Tegucigalpa, 2019. Lunes.
“It doesn’t matter that it rains,” a man on the radio says, “if it’s not raining in the right place.”
His voice is familiar to everyone in the taxi: the older woman with acrylic nails almost as long as her fingers and as red as her lipstick, the man in tight dark jeans pulled down to his crotch, leaving his plaid boxers purposefully exposed, and Evelyn, sitting between them, with her green plastic basin on her lap. Whenever the car breaks, every few seconds, the mango seeds and skins inside the basin move around, hitting the plastic walls around them and the large metal knife that was used to dismember them and now drips with the pulp of their transformation.
Evelyn wants to bury her face inside the tub. She doesn’t care for the smell of mango, no. Not after three years of selling sliced mango verde with salt and pepper at almost every stoplight in Tegucigalpa. But the smell of the man’s cologne is giving her one of those headaches that feel like there’s a balloon behind her eyes that keeps inflating, its rubber skin turning thin and translucent, but never popping. If her abuela Chayo was here, she’d say he’s wearing the infamous 7 Machos, “y el ultimo estaba muerto,” and the last of the machos was dead.
All the windows are already down. It is rare to find a car in Tegucigalpa that drives with its windows closed — except at stoplights, where everyone quickly rolls them up, in time to avoid people like Evelyn, trying to sell or ask for something.
“¿Todo bién, flaca?” the driver asks, looking at her through the rearview mirror.
She’s known Dario for years. They live in the same barrio, and he has played futbol with her brother for years. Most mornings, he gives them a ride to the city and sometimes he also brings them back. During these rides he mostly talks to Enrique about politics and soccer. She just listens. Although, sometimes she catches him looking at her through the mirror.
He is one of three taxistas she trusts enough to ride with even after sundown, even with other random passengers inside. If they were to get mugged by a marero posing as a passenger, something tells her Dario would protect her. He would give them his money without complaining, and ask them firmly to leave them alone. But if he was by himself, he could fight back, Evelyn thinks. He is a strong man with big hands.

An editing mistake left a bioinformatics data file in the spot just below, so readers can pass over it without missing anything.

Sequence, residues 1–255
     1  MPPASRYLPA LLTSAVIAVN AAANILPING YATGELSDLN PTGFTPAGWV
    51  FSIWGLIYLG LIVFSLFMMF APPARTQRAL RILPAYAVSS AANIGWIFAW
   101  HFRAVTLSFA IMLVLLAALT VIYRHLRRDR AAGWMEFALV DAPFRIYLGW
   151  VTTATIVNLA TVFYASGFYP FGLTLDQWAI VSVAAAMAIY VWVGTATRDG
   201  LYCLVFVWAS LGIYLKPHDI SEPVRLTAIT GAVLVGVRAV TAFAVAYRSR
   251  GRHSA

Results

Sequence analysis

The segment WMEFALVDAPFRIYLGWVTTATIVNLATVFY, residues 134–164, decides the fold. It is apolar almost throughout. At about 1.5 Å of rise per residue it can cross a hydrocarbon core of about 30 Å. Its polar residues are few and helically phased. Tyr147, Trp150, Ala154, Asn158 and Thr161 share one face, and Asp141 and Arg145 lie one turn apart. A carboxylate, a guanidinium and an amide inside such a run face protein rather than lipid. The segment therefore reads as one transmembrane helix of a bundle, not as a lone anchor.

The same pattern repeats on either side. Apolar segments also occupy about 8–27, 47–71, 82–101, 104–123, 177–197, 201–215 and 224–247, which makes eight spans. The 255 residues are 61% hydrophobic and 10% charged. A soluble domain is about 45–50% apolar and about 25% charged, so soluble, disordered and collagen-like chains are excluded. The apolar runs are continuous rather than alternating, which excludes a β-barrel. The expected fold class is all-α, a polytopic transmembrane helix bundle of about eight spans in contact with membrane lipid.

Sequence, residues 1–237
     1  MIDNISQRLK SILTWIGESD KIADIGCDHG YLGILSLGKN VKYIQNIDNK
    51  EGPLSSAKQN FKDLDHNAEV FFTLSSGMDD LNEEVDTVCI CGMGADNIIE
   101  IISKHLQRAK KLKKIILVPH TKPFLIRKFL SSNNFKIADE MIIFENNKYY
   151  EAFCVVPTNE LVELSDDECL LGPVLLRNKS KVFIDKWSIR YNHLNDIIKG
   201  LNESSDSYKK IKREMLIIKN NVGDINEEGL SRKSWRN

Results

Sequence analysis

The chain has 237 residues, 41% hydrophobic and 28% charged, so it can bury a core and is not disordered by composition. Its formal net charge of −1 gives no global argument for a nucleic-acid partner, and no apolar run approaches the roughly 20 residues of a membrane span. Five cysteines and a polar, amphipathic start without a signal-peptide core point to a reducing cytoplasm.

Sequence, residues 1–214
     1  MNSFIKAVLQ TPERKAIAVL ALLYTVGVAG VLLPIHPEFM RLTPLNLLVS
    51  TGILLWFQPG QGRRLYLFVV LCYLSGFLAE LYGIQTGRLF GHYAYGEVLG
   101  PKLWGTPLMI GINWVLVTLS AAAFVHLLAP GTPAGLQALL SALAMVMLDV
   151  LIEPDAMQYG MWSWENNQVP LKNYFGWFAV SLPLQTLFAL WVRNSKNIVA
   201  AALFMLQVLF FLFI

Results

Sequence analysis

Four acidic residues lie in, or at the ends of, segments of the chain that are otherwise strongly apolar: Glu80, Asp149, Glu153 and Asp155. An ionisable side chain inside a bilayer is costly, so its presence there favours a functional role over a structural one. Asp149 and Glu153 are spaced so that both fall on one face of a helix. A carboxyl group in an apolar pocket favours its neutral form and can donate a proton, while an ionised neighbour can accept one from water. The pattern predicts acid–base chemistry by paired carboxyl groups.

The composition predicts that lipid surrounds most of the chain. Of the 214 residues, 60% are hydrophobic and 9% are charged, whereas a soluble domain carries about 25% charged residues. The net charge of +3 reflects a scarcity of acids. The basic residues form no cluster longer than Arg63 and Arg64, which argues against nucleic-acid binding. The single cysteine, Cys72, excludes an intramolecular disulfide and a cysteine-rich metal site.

“Todo bién,” she says, locking eyes with him briefly. His reflection is sliced in half by the wooden rosary that hangs from the mirror, swaying back and forth.
“Well, if you’re going to vomit, make sure to aim inside that paila. No water to clean that backseat, you know,” he says, winking at her.
She knows. Everyone in the country knows. She suspects the water shortage is the reason the man next to her decided to bathe in something other than water and the traffic is slower than usual. Everyone in the area is rushing home. There was a rumor that today at five the camion-cisterna would return to their barrio. The big truck that sells water to the areas outside of the city that don’t have a water system. Ever since the water shortage started, the trucks came to el barrio less and less, until eventually it was just once a week. They figured they could sell their water at a higher price to those with more money in the city.
“Dario, the time?” Evelyn says. She hasn’t cleaned in a week. She stinks like old sweat and dry period blood.
“Four forty-seven,” says the older woman, rolling her eyes. Evelyn notices she doesn’t have any hairs on her eyebrows, instead light-brown eyeliner arches over her eyes. On the middle of the left line, there’s a small hairy mole — the only hair on her eyebrows.